The Bills will give rookie cornerbacks Kaiir Elam and Christian Benford a lot of snaps in this game, but it may be up to slot man Taron Johnson to deal with Phillips, and that will be a fascinating matchup. Phillips has been dealing with a
Rodger Saffold and Ryan Bates, OG, Buffalo Bills
(Kirby Lee-USA TODAY Sports)
Especially since edge-rusher Harold Landry is out for the 2022 season with a torn ACL (a major hit for Tennessee’s defense), the Titans will have to get a majority of their pressure from the inside. Fortunately, they have defensive tackle Jeffery Simmons, who I regard as the NFL’s best interior defensive lineman not named Aaron Donald. Simmons did his usual dance all over the heads of the opposing offensive line in that Giants game with two sacks and six total pressures. While Simmons lines up all over the place in that defense, he spends the majority of his time making life miserable for guards.
And that’s where Rodger Saffold and Ryan Bates come in. Saffold didn’t allow a single pressure of any kind against the Rams, which is certainly impressive, given that he was dealing with that Aaron Donald guy from time to time. Yes, Saffold was helped by Buffalo’s strategy to get the ball out quickly, but still.
As for Bates, he did allow a sack against the Rams, but you almost want to forgive it, since is came against Donald, who beclowned Bates (No. 71, right guard) as only he can. With 4:26 left in the first quarter, Donald employed one of his patented Animal Style moves on Bates, and it’s hard to think of a response to that.
Whether it’s Saffold, Bates, or any other guard subbing in, they’ll all have to have Simmons as the focus, just as much as they designed the timing of their passing game around Donald.
Caleb Farley, CB, Tennessee Titans
(AP Photo/Mark Zaleski)
The good news for the Titans’ secondary last week was that the Giants don’t really have one receiver who can just nuke your defense on a week-to-week basis.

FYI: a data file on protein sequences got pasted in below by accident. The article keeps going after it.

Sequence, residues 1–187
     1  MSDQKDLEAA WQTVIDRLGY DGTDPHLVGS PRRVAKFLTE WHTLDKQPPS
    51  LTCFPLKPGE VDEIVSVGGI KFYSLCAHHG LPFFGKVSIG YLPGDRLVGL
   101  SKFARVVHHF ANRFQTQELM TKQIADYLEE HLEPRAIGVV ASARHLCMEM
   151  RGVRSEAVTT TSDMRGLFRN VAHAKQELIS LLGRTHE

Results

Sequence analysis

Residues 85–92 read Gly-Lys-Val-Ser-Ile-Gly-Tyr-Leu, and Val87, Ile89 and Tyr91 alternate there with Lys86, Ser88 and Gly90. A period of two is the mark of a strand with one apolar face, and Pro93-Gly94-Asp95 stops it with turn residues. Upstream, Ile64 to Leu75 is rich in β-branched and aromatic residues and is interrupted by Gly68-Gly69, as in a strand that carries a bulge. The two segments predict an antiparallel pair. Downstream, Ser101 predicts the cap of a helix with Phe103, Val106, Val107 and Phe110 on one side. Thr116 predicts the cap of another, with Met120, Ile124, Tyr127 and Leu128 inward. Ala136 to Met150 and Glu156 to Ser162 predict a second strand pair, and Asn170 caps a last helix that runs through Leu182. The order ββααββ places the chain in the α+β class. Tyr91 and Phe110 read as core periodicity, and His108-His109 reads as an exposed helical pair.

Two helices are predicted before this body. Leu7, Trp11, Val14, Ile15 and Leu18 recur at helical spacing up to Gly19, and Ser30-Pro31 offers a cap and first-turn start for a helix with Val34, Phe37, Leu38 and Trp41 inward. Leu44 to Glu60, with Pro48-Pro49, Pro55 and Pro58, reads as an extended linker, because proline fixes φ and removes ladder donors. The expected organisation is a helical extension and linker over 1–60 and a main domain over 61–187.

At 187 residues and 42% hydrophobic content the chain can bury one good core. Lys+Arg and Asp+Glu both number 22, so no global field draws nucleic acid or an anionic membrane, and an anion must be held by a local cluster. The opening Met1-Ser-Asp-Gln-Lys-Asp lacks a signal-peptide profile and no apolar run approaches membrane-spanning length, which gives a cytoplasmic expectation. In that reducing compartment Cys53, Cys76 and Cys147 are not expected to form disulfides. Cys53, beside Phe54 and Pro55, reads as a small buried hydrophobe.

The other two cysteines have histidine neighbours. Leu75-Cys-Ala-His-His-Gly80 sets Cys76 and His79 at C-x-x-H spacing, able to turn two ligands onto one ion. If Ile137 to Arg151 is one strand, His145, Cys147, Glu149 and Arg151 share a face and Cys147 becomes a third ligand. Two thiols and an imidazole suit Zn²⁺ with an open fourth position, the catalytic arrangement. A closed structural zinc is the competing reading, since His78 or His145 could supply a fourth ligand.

The very bad news for the Titans’ secondary this week is that the Bills have several receivers who can do all of that, from Stefon Diggs and Gabe Davis on down.
That puts just a bit of pressure on Tennessee’s cornerbacks, starting with Farley, the second-year man from Virginia Tech, who was selected with the 22nd overall pick in the 2021 draft, and might have been a top-five selection had injuries not been an issue. Especially since fellow cornerback Kristian Fulton is dealing with a hamstring injury… well, this is not the week you want to be light in your cornerback room.
Farley played just 60 snaps in his rookie season after suffering a torn ACL in last year’s Bills matchup, but he looked pretty good against the Giants, allowing one catch for six yards on two targets.
But the Titans had more than their share of coverage busts in Week 1, and while Farley wasn’t the only one responsible for that, this kind of stuff just can’t happen against the Bills. On Daniel Jones’ game-winning touchdown pass to Chris Myarick with 1:09 remaining, Farley (No. 3) got a bit to aggressive to the backfield at the snap, leaving receiver David Sills (No. 13) as open as he could he had Sills not stumbled out of his route.
If the Titans throw coverage like this at the Bills, especially in the red zone, things could get out of hand in a hurry.